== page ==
From the National Park Service website:
In this below-sea-level basin, steady drought and record summer heat make Death Valley a land of extremes. Yet, each extreme has a striking contrast. Towering peaks are frosted with winter snow. Rare rainstorms bring vast fields of wildflowers. Lush oases harbor tiny fish and refuge for wildlife and humans. Despite its morbid name, a great diversity of life survives in Death Valley.
Death Valley National Park encompasses the lowest point in North America—Badwater Basin—and offers views of the highest mountain in the contiguous United States—Mount Whitney. Situated within the Mojave Desert, it is both the driest and hottest place on the continent. Total annual rainfall averages 2 inches (5 centimeters) and summer temperatures peak at 120°F (49°C) or more. Additionally, Death Valley is the largest American national park outside of Alaska (5,219 sq. miles or 13,517 km²), yet another impressive statistic of this record-setting park.
Death Valley Photo Essay
Visiting the park was one of my personal highlights of 2017. Realizing that I still have a bunch of photos to share about it, I figured I might as well put together a Death Valley National Park photo essay.
Caroline and I spent four days and three nights in Death Valley, exploring the park in depth and hitting a few of its greatest hiking trails. The photos below portray the sheer majesty of Death Valley’s epic landscapes, as well as some of its smaller, less obvious features.
Two hiking trails converge in the heart of Death Valley’s colorful and scorching hot badlands.
Its name might imply the opposite of vitality, yet Death Valley National Park is home to abundant wildlife, including wild “burros”.
Footsteps meander across the Mesquite Flat Sand Dunes, one of the park’s most popular features.
Endless plains of sand, salt and rock is the dominant feature of Death Valley National Park.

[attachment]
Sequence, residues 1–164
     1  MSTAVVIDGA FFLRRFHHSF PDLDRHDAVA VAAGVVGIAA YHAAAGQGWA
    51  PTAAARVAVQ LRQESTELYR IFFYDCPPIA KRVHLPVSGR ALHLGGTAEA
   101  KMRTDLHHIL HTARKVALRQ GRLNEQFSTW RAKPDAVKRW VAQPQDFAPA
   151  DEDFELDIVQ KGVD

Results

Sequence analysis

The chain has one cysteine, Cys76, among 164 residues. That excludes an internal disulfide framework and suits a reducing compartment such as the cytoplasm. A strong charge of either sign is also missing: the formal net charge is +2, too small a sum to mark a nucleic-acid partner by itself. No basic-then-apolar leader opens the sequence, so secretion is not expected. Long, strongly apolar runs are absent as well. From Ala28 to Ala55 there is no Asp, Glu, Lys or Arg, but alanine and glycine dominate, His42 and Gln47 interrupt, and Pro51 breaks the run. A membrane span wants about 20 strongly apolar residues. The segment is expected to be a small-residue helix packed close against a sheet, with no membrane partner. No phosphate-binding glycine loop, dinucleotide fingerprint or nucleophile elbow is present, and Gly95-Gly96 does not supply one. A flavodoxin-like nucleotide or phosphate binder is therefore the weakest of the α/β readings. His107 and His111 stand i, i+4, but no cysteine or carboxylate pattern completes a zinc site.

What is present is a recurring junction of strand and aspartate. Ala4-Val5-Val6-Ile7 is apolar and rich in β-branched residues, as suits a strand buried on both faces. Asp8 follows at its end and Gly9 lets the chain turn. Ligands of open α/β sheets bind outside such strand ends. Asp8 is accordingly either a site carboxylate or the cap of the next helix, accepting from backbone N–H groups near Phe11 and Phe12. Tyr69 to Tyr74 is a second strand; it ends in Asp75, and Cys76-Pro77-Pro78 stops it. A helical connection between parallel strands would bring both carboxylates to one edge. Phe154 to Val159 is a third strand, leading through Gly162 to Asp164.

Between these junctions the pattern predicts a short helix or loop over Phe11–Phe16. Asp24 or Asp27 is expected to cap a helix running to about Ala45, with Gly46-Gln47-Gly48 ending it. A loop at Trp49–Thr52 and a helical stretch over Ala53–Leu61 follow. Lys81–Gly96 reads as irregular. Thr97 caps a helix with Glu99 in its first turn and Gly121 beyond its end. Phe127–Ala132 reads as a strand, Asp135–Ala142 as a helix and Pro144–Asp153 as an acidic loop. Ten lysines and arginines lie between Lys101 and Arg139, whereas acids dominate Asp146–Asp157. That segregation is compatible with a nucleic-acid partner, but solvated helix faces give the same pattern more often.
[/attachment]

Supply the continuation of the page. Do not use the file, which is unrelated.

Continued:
The desert heat makes the air vibrate over a desolate road leading toward the towering Sierra Nevada Mountains
A curious coyote wonders why on earth people still come to a bone-dry place like this.
The best view in Death Valley National Park: Dante’s View.
Overlooking the badlands, and with the salt flats of Badwater Basin in the background, Zabriskie Point is another spectacular viewpoint in the park.
Caroline explores the Devil’s Golf Course, a huge plain filled with razor-sharp rocks.
The remains of the Harmony Borax Works teach visitors about Death Valley’s mining history.
An adventurous couple heads into the badlands.
It may be the driest place in North America, but there is some water in Death Valley. Salt Creek is, however, too salty for any life except for the native pupfish.
From tall sand dunes to bush-covered flats and rugged mountains – Death Valley in a nutshell.
A different perspective of the scene above.
Arrow-straight roads cut through the valley, a drive that will be remembered for years to come.
Arguably the most famous place in Death Valley National Park, Badwater Basin is the lowest point in North America.
Hopefully, you’ve enjoyed this selective Death Valley photo essay. Which was your favorite photo? If you liked this and your interest is sparked, check out my blog post about the main highlights in Death Valley. It’s a nice resource when planning your trip.